“There are a lot of data points we can lean on,” Simpson said. “For everyone’s aspirations of social equity, and everything we spend and invest in today, how is it that Blacks are still at $25,000 median family incomes? It doesn’t make sense that the Black community is worth $12.50 an hour. That’s the whole key, is to make sure that whatever business or service you’re looking for, there will be a direct directory for you to lean on that will give you access to those entities.”
BBAO is working with Craig Dawson of the Black Business Warehouse in Washington state to expand its Pacific Northwest directory of Black-owned businesses.
Just as important, Simpson said, was to make a financial case for supporting Black business development.
“How do we create a business case to Black liberty"
“(The group asked), What can the private sector do to create a model where we grow the economic prosperity of the Black community and, as it operates in capitalism, people receive a return on investment in doing so?” Simpson said. “How do we create a business case to Black liberty – financially – and how financial institutions, philanthropy, the wealthiest around, can actually receive financial benefit by liberating Black people economically? We need to create something that’s sustainable so people continue to invest in, and we can continuously see change.”
He believes group economics is key to uplifting the Black business community.
“When you practice group economics, you circulate that wealth and that’s how you build a community,” Simpson said. “So we went to the Portland Business Alliance, who we already worked with, and said hey, if there’s any organization that’s in a prime position to be able to promote the private sector in a way that uplifts, supports and liberates the Black community through ownership and entrepreneurship and wealth creation, this would be the organization.”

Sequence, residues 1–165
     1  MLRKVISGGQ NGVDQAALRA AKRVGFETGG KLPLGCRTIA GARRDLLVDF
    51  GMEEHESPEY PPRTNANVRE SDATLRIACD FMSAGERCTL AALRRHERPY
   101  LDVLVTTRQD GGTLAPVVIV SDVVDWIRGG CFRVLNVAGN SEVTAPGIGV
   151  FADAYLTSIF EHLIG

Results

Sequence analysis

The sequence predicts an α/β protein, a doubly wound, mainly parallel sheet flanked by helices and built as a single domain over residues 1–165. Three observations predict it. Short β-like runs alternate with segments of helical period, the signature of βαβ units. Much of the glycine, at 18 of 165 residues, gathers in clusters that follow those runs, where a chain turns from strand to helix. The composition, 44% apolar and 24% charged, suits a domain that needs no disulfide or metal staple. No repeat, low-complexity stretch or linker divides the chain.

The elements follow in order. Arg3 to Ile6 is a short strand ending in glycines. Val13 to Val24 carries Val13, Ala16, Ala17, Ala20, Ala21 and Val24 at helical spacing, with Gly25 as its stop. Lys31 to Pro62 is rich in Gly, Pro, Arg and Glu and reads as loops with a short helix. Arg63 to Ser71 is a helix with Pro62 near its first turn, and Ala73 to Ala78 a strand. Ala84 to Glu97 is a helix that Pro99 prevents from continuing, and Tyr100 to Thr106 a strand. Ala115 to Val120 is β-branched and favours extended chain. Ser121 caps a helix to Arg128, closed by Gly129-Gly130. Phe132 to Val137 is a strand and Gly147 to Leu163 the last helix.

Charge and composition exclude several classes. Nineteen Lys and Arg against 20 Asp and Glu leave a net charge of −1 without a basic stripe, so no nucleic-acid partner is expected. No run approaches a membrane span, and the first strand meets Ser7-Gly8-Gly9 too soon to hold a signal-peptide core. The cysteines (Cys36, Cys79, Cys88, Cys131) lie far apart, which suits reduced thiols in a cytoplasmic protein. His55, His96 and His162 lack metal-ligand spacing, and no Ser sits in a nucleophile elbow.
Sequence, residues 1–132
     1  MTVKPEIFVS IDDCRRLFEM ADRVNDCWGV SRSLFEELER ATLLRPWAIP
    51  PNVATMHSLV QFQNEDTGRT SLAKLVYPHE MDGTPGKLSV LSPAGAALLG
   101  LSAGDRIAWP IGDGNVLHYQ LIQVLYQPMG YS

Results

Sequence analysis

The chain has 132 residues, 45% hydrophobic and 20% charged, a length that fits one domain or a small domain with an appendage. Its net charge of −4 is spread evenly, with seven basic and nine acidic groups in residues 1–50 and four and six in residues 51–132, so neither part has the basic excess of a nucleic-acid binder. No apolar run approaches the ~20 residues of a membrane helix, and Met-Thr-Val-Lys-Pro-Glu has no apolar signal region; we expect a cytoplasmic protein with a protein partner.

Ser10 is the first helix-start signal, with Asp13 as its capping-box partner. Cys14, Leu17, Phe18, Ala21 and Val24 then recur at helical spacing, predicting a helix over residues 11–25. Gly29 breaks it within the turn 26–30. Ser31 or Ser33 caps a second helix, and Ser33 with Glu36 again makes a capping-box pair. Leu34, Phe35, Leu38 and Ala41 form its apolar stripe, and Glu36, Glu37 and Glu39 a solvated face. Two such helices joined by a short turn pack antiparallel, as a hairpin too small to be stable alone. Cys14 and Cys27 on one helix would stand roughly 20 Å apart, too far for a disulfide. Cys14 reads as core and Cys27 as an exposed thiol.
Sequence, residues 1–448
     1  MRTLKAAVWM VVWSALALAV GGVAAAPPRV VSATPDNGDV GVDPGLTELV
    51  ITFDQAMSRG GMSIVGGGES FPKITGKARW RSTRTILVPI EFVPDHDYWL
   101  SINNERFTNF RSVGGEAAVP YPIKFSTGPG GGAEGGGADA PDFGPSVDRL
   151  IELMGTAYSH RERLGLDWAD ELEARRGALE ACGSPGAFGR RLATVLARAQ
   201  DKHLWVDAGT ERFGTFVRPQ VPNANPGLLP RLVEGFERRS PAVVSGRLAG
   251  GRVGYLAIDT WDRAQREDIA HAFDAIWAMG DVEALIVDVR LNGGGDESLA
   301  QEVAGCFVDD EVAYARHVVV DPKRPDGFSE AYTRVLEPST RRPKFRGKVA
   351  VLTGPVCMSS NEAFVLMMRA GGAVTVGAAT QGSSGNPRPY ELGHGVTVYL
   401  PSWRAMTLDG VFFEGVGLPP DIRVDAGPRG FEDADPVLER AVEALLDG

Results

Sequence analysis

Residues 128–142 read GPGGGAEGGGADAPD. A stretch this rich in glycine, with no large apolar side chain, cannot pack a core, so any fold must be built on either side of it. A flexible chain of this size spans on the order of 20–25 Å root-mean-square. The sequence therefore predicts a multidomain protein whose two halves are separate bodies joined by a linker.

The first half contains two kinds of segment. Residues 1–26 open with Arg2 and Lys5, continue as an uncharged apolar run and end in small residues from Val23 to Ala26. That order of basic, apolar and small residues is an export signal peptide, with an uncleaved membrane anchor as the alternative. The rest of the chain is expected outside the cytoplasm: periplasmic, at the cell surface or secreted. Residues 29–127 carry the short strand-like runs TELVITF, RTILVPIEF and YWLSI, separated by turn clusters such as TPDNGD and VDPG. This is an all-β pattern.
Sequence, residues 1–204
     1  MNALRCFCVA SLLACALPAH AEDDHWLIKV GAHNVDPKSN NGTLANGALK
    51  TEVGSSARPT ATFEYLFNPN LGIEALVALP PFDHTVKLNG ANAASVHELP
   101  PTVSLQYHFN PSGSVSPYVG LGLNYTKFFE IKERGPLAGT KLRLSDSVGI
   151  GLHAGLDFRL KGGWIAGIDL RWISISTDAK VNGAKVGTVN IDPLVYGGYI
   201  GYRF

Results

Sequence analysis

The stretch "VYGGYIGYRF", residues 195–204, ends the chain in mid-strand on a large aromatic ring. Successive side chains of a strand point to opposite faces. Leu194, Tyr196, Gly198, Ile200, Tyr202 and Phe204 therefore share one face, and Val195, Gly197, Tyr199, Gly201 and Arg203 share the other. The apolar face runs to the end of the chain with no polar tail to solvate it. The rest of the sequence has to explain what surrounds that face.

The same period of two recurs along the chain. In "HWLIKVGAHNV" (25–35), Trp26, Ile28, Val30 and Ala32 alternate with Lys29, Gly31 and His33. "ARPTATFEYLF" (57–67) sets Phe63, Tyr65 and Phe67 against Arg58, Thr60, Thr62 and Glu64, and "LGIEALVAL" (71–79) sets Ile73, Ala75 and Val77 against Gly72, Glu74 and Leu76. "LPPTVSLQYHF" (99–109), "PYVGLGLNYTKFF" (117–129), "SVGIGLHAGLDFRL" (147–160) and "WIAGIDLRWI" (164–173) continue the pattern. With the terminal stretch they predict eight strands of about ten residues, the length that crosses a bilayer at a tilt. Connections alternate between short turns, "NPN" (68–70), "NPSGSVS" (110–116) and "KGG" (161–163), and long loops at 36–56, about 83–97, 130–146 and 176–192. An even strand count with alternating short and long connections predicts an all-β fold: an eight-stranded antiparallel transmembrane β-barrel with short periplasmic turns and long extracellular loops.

Working with PBA, BBAO was able to raise $300,000 by the end of 2020.
“We raised funds from every layer of public agency: Prosper Portland, Multnomah County, Metro, the state of Oregon and its Black Caucus invested,” Simpson said.
The successful fundraising allowed BBAO to hire Lance Randall as executive director in February 2022 after a nationwide search. Randall, formerly of the city of Seattle's Office of Economic Development, is originally from Macon, Georgia.
“He opened a new lens on this community, because he’s not from here,” McCoy said. “He’s coming from a state like Georgia, where it’s very Black-centric, to a place that’s a bit more disjointed and disconnected and not as communal as it could be or should be.”
“He’s an economic development practitioner, which is rare in the Black community,” Simpson said. “He knows what it’s going to require for us to build economic stability and strength within the Black community, so that it can liberate itself and work collectively as one to be able to change the paradigm of conditions of Black individuals in this country. And that’s really what this comes down to.”
Simpson and McCoy reported they were working with Sen. Jeff Merkley (D-Oregon)’s office to secure federal appropriations. That funding will support a future center for Black economic advancement, McCoy said.
Though no property has yet been purchased, BBAO’s vision is to incubate Black businesses and house resources for Black entrepreneurs in one location.
“We’re working right as we speak to figure out some pieces of property that we might want to consider expanding and bringing what we would call ‘the village’ together,” McCoy said. “It would be a full suite of services and wraparound support for anything that could be an opportunity or it could be a hurdle for a business to be successful. For example, Is a business financially sound? Are the individuals within that business healthy, meaning trauma and mental health and stress and anxiety? It’s about having a place where people can come and be in peer-to-peer settings where they’re working alongside other businesses at their level, as well as businesses at a higher level, in a way that also brings business and workforce development together too.”
He added, “We see having different organizations with satellite offices, where schools get a chance to come and see already established Black and brown businesses that they can touch – the model of ‘if you can see it you can be it.’”